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Nan’s friend, Moira, says her New Age guru asks, “What lessons are we learning?” whenever Moira gripes about a problem. Nan wants to slap her. The guru that is. She’s never met the woman, but the second-hand question makes her growl over the checkbook. “What can you learn from a sewer pipe?” She has gotten close enough to it. Not often or long enough. But she’s paid money, lots of it, to sunburnt proxies in workboots who haven’t learned anything either, unless they’re holding out on her.

In Moira’s dream group, they ask, “Are you sure you’re looking at the right part?” There’s a bucket in Nan’s bathtub, a trench through the center of her yard and into the road. For the third time. Her new grass roots up in its straw mulch under the mounds of heavy earth. When Nan paid the last plumber, he handed her a pit, a stone, the heart of a peach. Nan thought, “This can’t be it.” It wasn’t.

Moira’s yoga instructor speaks in geometry, form, angulation. Nan isn’t sure whether the cylinder or the circle or the slanting line means the most. She doesn’t have enough eyes to watch all three at once. And she does not want to apply something as pleasant as metaphor to the task anyway. The backhoe drowns all other sounds, and dredges up what Nan would prefer to keep down.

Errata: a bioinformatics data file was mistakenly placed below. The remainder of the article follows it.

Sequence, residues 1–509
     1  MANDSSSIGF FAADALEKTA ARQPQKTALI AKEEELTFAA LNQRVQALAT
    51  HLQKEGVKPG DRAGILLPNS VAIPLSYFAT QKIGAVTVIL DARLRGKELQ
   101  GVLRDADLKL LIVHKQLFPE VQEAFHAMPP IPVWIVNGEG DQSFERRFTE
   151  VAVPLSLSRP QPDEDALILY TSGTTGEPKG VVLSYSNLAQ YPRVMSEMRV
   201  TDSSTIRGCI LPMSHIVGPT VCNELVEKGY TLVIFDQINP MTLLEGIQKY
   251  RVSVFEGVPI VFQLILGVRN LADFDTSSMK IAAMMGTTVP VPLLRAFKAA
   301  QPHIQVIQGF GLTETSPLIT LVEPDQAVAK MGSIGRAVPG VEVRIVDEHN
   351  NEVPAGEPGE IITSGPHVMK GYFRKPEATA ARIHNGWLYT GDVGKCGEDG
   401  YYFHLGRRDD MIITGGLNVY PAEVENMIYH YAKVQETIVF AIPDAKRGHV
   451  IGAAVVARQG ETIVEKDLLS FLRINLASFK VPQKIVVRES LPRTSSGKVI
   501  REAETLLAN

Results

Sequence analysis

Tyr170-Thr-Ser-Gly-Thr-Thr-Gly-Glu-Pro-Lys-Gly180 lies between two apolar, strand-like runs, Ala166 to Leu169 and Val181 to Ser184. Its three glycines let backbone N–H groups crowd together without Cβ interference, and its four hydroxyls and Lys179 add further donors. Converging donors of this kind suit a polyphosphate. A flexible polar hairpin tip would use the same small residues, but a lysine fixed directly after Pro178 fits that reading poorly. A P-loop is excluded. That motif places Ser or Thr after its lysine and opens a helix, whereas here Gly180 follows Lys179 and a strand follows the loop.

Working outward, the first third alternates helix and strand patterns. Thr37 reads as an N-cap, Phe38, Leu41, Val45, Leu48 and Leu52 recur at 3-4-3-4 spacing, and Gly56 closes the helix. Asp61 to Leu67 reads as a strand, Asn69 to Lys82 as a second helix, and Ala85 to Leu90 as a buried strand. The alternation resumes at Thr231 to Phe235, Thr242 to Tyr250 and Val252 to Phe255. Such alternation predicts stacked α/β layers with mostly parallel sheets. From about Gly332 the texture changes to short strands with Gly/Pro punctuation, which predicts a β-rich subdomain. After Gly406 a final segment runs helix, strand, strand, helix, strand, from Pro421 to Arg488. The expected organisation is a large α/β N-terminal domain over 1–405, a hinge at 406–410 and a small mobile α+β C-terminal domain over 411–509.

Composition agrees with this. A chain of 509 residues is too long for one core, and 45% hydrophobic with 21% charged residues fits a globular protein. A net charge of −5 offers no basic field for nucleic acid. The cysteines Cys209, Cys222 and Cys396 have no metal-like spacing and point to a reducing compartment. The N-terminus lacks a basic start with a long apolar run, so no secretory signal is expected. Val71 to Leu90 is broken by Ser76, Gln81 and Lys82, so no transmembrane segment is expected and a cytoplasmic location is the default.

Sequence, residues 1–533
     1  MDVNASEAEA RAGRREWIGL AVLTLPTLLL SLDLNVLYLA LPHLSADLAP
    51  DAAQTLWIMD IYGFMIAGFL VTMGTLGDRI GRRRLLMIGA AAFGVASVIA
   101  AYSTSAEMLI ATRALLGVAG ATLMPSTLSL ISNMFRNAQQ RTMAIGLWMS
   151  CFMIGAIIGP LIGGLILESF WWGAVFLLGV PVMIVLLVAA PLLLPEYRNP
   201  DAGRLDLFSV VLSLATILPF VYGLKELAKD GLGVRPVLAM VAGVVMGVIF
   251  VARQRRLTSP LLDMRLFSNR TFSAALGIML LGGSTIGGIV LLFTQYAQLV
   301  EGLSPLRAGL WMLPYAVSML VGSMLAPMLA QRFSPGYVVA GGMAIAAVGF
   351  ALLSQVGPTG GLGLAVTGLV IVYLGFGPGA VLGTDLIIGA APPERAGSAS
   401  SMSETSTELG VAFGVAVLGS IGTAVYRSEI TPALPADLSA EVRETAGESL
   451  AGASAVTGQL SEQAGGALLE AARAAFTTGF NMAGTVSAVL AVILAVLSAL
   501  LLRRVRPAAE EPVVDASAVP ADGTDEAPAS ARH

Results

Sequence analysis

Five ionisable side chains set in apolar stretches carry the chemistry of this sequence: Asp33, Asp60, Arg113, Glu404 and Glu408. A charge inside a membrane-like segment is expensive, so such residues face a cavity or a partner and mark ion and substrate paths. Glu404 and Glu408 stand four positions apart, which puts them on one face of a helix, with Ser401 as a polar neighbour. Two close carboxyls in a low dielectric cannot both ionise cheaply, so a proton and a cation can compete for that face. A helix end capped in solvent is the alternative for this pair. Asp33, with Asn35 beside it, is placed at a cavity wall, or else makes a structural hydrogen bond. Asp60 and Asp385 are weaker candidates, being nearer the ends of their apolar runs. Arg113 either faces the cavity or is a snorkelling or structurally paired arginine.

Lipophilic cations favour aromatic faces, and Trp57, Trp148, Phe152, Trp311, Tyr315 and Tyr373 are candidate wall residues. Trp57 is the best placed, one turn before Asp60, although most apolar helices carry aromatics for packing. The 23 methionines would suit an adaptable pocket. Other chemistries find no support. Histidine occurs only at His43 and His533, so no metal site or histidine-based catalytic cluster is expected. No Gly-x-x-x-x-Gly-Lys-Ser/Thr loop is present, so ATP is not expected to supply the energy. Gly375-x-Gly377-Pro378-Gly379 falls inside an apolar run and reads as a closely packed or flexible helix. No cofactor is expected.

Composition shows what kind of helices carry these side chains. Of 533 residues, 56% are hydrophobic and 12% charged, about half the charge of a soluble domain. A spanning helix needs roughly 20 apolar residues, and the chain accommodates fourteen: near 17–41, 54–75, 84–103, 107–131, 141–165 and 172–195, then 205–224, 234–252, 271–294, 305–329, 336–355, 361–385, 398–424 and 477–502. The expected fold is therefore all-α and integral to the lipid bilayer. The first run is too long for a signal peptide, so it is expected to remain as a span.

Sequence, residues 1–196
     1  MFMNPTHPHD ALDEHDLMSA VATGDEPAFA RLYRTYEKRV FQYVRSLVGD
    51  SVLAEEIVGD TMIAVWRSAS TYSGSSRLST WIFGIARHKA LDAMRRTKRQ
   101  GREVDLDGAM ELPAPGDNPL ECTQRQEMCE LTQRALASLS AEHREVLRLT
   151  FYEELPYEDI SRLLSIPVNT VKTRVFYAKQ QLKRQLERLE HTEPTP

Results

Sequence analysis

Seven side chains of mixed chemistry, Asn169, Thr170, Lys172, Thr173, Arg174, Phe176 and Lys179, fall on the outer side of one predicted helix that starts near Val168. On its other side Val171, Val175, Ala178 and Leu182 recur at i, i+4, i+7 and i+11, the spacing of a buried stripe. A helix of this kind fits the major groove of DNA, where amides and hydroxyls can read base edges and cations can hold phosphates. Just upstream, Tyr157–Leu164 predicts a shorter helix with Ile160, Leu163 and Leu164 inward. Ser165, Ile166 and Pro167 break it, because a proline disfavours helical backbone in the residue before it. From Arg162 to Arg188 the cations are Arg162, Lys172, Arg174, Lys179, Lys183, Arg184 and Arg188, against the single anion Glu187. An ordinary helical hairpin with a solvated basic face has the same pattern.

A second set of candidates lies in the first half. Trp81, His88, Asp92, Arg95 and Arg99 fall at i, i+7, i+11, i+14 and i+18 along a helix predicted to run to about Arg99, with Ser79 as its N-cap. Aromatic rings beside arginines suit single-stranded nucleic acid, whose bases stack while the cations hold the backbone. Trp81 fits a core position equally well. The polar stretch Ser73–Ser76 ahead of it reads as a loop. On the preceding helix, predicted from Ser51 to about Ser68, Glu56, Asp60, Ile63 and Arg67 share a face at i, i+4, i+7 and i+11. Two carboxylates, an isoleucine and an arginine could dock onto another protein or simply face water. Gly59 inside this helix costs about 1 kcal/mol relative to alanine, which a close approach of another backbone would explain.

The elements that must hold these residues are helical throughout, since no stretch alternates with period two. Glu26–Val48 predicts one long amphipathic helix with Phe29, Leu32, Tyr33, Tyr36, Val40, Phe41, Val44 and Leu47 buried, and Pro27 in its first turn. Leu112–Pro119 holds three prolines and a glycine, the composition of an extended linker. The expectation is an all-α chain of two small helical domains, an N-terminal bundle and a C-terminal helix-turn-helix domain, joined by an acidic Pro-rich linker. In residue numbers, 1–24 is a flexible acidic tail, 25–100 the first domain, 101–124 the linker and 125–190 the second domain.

Moira’s counselor says to her, “Tell me about your resistance to asking for support.” When Nan calls, Moira says, “I’m sorry, but my breath coach says that would not work for me in the bliss I’m in right now.” So Nan showers at the gym.

[Chrysse Everhart is currently in Hawaii, where her husband, Marc Eden, is working as a travel nurse. The couple, who have called Swannanoa home for about seven years, are often on the road through both their jobs — Everhart is an occupational therapy assistant. The Pennsylvania native has had nonfiction, fiction and poetry published in several WNC publications, and has been a featured reader with the Great Smokies Writing Program, where she has also taken frequent workshops. Everhart, a self-described “continuing guest member” of regional writers’ group Herwords, will be back in the Asheville area in May.]

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